Sixth Annual New Perspectives Conference presented by the Triangle African American History Colloquium at the University of North Carolina-Chapel Hill
*Defining Freedom in African American History and Culture*
February 24-25, 2012
The Conference Committee invites proposals for single papers or complete session panels related to the theme of freedom in African American history and culture, across a range of time periods, areas, and disciplines. As Americans commemorate the 150th anniversary of the beginning of the Civil War⎯an event that cast African Americans’ varying and complex definitions of freedom into sharp relief⎯scholarly recognition of the ways African Americans have expressed and acted upon individual and communal concepts of freedom seems particularly appropriate. This theme, however, is neither restricted to the Civil War-era nor to a specific historical sub-field. Rather, this conference seeks cultural, economic, political, social, and other interpretations of African Americans’ definitions of⎯or, potentially, debates on⎯freedom from the colonial era through the twentieth century.
This conference seeks to address questions such as: How have African Americans defined and debated freedom within their communities and within a broader American or global context? What forces and motivations shaped these concepts of freedom? Answering these questions helps to shed light not only on the African American experience but also the historical construction and contestation of one of America’s central ideals. Topics of exploration might include: literary and artistic expressions; social movements; black politics; gender history; slavery; religious practices and ideologies; and myriad others. Papers on any topic relevant to the conference theme are welcome.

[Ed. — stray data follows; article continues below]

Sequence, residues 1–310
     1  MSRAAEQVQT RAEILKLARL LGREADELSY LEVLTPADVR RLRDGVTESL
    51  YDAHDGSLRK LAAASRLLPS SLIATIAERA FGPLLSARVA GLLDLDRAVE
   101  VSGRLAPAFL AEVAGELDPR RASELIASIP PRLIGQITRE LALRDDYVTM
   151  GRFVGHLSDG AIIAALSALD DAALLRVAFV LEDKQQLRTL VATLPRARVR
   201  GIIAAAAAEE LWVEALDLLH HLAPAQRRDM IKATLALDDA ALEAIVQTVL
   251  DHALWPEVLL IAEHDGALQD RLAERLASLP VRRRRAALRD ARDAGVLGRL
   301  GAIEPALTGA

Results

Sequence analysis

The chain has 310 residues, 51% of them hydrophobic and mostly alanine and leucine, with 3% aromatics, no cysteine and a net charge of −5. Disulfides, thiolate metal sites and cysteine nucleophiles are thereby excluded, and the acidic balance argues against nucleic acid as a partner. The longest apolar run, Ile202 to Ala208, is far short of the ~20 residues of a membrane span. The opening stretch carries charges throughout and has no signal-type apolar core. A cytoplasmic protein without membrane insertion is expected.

The Conference Committee is also pleased to announce that this year’s conference will feature a keynote address given by Davarian L. Baldwin, the Paul E. Raether Distinguished Professor of American Studies at Trinity College.
Eligibility: Faculty and graduate students. Papers from advanced undergraduate students from universities in the Raleigh-Durham-Chapel Hill area will be considered for a special panel session.
Deadline: The deadline for proposals is Saturday, November 12, 2011. Please respond via email to email@example.com with your name, institution, title, email address, proposed paper title, a 150-word abstract, and curriculum vitae. Please put “Conference Proposal” in your subject line. Conference papers should have a historical focus and be a maximum of ten pages in length, excluding endnotes. Final papers are due no later than February 3, 2012.
Questions and concerns may be addressed to Brandon Byrd and sent to firstname.lastname@example.org
Co-President, Triangle African American History Colloquium
Ph.D. Student, History
University of North Carolina at Chapel Hill Email: email@example.com
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